Stella and Jojo look for their mother one day and discover she’s been bitten by a rattlesnake. Tony’s father is out of town, and they desperately need antivenom. Papa sends Stella to plead with Dr. Packard, but he rudely refuses to help a black person. Stella’s family agonizes, until they learn one of the kind white neighbor women with a car has driven to find Dr. Hawkins and bring him back. He gives Mama antivenom in time, but she walks with a limp afterward.

Shortly thereafter, Stella sees someone drowning in the lake and jumps in to save her. When she realizes she has rescued Dr. Packard’s daughter, Paulette, Stella is angry. Paulette tells Stella about the doctor’s abusive behavior toward her and her mother. Paulette hates her father’s Klan activity and says she thinks Stella should tell everyone what Dr. Packard has done.

The story ends with a botched but joyful nativity scene at the Christmas pageant. Stella shares some of her writing about hopes for the future.

Christian Beliefs

Stella and her family are active members of New Hope Church. The cross on their building is crooked because lightning struck it, and Pastor Patton says it is a blessing from heaven. Pastor Patton gives a lot of sermons on Moses because of the parallel between his story and the plight of black Americans. He urges the congregants to exercise their rights by registering to vote, and he tells them he will be doing this himself.

After Stella finds Hazel and brings her to safety, the pastor uses Stella as a sermon illustration for her bravery. Stella prays for her mother after the snake bite and thanks God for the antivenom that keeps Mama alive. The schoolchildren do a nativity play at the Christmas pageant.

Other Belief Systems


Authority Roles

Stella’s parents are community-minded, resourceful people who encourage her in her desire to write. Pastor Patton urges the townspeople to stand up for their rights. He practices his preaching by leading a group to voter registration in town. Mrs. Grayson sees Stella’s potential and urges her to write. The white doctor and other white town leaders use spiteful words and violence in their attempts to keep the black community members in a state of fear and inactivity.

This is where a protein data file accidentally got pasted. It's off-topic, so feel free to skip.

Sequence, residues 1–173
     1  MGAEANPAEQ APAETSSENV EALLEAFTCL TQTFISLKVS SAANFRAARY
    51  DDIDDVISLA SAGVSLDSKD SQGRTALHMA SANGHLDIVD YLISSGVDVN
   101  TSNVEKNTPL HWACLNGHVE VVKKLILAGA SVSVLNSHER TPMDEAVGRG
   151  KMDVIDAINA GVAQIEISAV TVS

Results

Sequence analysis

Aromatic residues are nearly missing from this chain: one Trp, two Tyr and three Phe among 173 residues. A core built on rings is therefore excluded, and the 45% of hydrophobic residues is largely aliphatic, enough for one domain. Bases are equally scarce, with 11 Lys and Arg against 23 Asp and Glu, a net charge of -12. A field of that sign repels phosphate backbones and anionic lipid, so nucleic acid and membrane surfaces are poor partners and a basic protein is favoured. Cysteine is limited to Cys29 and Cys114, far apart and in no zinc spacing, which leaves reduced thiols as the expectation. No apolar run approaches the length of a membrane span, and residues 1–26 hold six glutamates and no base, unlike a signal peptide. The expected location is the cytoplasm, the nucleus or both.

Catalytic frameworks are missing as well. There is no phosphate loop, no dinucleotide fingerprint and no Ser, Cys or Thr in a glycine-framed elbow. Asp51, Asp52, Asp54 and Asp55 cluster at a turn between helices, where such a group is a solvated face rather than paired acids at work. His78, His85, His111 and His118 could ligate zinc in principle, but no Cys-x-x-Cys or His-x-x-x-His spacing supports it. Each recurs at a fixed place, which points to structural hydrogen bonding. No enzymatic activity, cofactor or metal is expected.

The Lord’s name is used in vain a few times. The Ku Klux Klan burns down the Spencer home. Paulette tells Stella that her father frequently hits her and her mother, but the violence is not described in detail. Stella also remembers Dr. Packard slapping her when she was little for accidentally getting mud on his shoes.



Discussion Topics

Get free discussion questions for this book and others, at FocusOnTheFamily.com/discuss-books.

Additional Comments/Notes

Racism: Many white people believe themselves superior to their black neighbors and treat them with contempt and cruelty.

Pledge of Allegiance: The schoolchildren recite the pledge without “under God.” (“Under God” was not added to the pledge until 1954, so the book is historically correct.)

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Book reviews cover the content, themes and worldviews of fiction books, not their literary merit, and equip parents to decide whether a book is appropriate for their children. The inclusion of a book's review does not constitute an endorsement by Focus on the Family.

Episode Reviews



Readability Age Range

9 to 13


Sharon M. Draper






Record Label



Atheneum Books for Young Readers, an imprint of Simon & Schuster Children’s Publishing Division, a registered trademark of Simon & Schuster


On Video

Year Published



ALA Notable Children’s Books, 2016; International Literacy Association Teachers’ Choice, 2016; and others